Off the Wall, May 25 , 2017

The sun was beginning to rise in Millbrook, Connecticut, yet the Cootaguns (often referred to as Mr. or Mrs. “C”) were still asleep. They had been out with friends the night before and planned to sleep in. All of a sudden the phone rang next to their bed. Mrs. “C” picked it up and said, “Hello.” On the other end was her son-in-law. “Maggie just had her baby!” he exclaimed. The two jumped out of bed and headed for the showers. We have to head down to Washington, D.C. just as soon as we get dressed.

It didn’t take long for them to do so, collect a few items, and jump in the car and depart. Five hours later they arrived in our country’s capitol. Quickly finding a spot, they parked in the hospital parking lot, turned off the motor, got out and locked up their vehicle. It was off to Room 372.

Upon arriving, they slowly entered the room. Maggie stated, “Mom and Dad, I want you to meet Marcella, our newest member to the family.” With that, Mr. “C” reached down his index finger and put it to the baby’s chest and said, “kootchi, kootchi-coo” in baby talk.

When one thinks of it, it seems to be a common practice when one sees a newborn to want to elevate one’s voice and use those words. Psychologically are we thinking the sibling can understand us better if we talk its language? In my opinion, I don’t think it makes one iota of a difference.

Even the very young, those who haven’t reached one year’s old, get that “kootchi-coo” treatment. And not only do kids hear this language, but animals as well.

There’ no better example than what goes on in our household when our son drops off his dog, Arlo, to stay for an unlimited amount of time. As soon as he jumps up in our laps, we proceed to enter that high-pitched mode stating, “Your so cute, oh yes you are. You know we love you. You’re our little boy,” and it goes on and on from there.

I can just imagine what Arlo must be thinking, “Just pet me on my belly. You can forget the baby talk. I get it. I get it. Pet me!”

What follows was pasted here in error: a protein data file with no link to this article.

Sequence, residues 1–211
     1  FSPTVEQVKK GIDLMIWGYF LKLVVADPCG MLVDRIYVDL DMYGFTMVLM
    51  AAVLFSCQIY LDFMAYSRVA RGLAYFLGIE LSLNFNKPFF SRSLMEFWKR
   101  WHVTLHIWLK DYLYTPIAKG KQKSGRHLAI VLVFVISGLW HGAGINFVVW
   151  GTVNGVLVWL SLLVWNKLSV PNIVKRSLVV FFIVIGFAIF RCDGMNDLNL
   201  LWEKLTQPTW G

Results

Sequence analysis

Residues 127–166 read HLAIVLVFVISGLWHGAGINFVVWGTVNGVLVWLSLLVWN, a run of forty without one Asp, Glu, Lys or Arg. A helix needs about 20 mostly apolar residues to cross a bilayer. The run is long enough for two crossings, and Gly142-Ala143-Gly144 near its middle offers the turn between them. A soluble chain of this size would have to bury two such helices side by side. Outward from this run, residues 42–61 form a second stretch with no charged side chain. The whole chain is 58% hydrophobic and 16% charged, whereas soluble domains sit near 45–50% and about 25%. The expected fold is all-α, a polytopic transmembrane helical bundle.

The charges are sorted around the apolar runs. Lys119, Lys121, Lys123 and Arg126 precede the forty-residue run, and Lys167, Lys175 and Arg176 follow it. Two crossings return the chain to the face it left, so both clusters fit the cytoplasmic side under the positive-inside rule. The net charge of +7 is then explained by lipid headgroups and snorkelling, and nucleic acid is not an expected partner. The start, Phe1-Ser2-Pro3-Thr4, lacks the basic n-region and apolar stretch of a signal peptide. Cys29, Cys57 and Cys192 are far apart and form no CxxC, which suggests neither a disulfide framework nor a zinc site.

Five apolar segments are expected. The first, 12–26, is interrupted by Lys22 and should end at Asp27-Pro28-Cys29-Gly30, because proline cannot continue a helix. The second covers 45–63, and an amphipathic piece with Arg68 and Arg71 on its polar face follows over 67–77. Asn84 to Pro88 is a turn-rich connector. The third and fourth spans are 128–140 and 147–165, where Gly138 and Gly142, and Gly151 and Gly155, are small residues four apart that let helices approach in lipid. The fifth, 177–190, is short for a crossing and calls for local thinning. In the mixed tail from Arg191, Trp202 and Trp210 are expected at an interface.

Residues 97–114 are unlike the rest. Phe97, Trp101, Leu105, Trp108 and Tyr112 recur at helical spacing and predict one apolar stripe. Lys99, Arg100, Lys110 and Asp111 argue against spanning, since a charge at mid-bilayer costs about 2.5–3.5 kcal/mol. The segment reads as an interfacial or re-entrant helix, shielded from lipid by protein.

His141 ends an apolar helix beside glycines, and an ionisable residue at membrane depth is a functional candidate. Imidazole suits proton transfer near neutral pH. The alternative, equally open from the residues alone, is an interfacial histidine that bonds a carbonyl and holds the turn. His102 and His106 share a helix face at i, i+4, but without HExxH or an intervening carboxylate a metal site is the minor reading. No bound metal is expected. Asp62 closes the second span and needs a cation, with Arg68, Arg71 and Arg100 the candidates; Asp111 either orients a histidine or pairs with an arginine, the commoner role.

How often in relationships do we call the one we love, “baby?” “Hey baby, what do you want for dinner tonight?” “Hey baby, you want to go to the movies tonight?” Or just, “Hey Babe, did you get the mail in yet?”

Why are we calling our adult lovers the same terminology that we gave reference to Maggie’s child, for example?

According to Dr. Leon F. Seltzer in an article he wrote for Psychology Today, he stated, “Sharing your feelings of enchantment with your beloved may be one of the most compelling emotional drives imaginable – at times, a need that’s simply overpowering.”

He went on to list a good many names some call our loved ones: “baby face, baby cakes, pet, pussycat, poopsy, cookie face, and gum drop.” Let me stop there for a minute.

As far as I’m concerned, all offspring bear resemblance to others. One comment about one of the above words – ‘poopsy.’ If I called my wife that term, I need not state what I’d hear back!

That brings me to a new subject, ‘baby’ being used in songs. Here, we are using the term of a newborn, such as Maggie’s baby, in songs in lyrics referring loved ones.

From Ricky Nelson’s song, “Be-bop Baby,” come these lyrics” “A Be-Bop Baby she’s the gal for me.” It tells in the song she’s a teenager. That leaves Marcella out of the picture!

Bruce Channel sang, “Hey, hey baby, I want you to know if you’ll be my girl, c’mon baby give me a whirl.” And how can we forget the Supremes’ “Baby Love” popular hit. Here are some of the lyrics: Ooh baby love, my baby love, I need you oh I need you…” That would be a good song for Marcella to sing to Maggie. But then the words worsen:” But all you do is treat me bad, break my heart and leave me sad.”

Isn’t it interesting how babies such as Marcella have such an alleged “sweet face,” but apparently the term “baby” has come to mean a “minute reflection of oneself seen in another’s eyes (www.etymonline)”?

In my opinion, each couple has its own names for terms of endearment. If it’s ‘baby,’ so be it!

- Paul J. Volkmann
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